I’ve queued up another image from the archives–one with a similar story to the glowing gate from the previous post. In both cases, the capture involved archaic weaponry: a roll of Kodak negative film and an obscure 120 film camera. For this one, it was the Fuji 645W, an odd plastic camera known for its unusually sharp lens. I also owned the 645S–similarly designed with the addition of a “roll bar”. I liked them both because they were undersized. I could travel light and shoot without a tripod. Nowadays they’re stored in the basement in a shoe box near my record collection.
The abandoned house was discovered after an afternoon of zig-zagging through the plains. As usual, we were out on the greyest roads on the map. Once you get into this part of the country you begin asking yourself, “Now what do we do?”
My companion took no pictures, but I was engaging the question.
The plains are the least photographed part of North America–a fact which is even more astonishing when you realize that they represent about a third of the United States.
As I’ve written before, this is a place which is currently reexamining a number of historic assumptions–having had a lengthy quarrel with invading Europeans. At the moment, the plains are back in charge, especially west of the 100th meridian where the middle of North America is filling up with ghost towns. It’s the same story from Saskatchewan to the Texas panhandle.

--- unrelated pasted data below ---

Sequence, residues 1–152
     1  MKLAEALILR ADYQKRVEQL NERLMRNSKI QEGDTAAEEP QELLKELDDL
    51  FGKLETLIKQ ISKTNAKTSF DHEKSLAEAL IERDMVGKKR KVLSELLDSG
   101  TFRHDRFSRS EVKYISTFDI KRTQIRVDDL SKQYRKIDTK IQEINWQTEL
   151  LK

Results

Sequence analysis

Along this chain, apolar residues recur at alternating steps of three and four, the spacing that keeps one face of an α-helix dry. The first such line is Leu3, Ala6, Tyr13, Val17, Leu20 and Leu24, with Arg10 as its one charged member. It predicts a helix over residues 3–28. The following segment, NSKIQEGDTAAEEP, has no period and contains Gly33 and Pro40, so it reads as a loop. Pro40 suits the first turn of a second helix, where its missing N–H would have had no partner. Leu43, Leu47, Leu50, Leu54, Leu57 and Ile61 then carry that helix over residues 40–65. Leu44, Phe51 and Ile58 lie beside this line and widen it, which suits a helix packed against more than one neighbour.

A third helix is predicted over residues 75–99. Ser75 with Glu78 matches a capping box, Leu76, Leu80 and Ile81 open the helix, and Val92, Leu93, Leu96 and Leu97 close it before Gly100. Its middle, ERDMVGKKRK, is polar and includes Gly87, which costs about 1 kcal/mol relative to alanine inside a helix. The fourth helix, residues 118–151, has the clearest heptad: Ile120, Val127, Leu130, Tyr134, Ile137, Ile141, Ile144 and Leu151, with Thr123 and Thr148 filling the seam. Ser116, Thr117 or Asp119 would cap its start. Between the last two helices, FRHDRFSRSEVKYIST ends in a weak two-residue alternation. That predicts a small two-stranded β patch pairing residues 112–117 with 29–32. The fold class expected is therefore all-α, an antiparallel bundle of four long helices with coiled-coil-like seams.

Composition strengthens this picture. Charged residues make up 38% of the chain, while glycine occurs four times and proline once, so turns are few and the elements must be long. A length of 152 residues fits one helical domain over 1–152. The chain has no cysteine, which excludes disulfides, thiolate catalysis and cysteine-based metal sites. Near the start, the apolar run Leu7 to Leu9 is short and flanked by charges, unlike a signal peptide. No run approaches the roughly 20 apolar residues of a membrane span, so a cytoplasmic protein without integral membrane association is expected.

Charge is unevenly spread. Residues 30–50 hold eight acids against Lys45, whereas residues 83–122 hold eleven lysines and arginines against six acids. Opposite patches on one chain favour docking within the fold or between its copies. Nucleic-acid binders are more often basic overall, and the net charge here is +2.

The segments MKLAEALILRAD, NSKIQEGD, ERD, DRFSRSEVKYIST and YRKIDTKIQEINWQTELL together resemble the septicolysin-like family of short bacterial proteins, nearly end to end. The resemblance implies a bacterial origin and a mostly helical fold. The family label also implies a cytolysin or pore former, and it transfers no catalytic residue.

There have been books which tell the of the struggle, and Willa Cather’s My Antonia is a personal favorite. But the contest has also being written into the the photographic record. Two photographers come to mind: John Vachon and David Plowden.
Vachon was an artist employed by the FSA seventy years ago during the depression, and was one of the first photographers to focus a lens on the life and landscapes of the farming population of the Dakotas. By the 1930’s it was already apparent that this was not an easy place for a gig. He took many images, but none is more deeply felt than the one of school children playing in a snow storm. It was recess. It looks cold, and the children are constructing a fort. Behind them: a one-roomed schoolhouse in blowing sheets of snow. A few decades later, Plowden published The Floor of The Sky. This time, many of the photographs were in color. The photographer wisely chose to make C Prints. They were warm-toned, bittersweet and full of lonely grass.
Both photographers looked closely at the people as well. As I flip through their books nowadays, it’s hard not to notice the similarity between the furrows in the fields and the deep lines in the faces.
There’s a link for Vachon’s image (at the Library of Congress) below in the comments.
And, keeping within this theme–two related posts from a few months ago: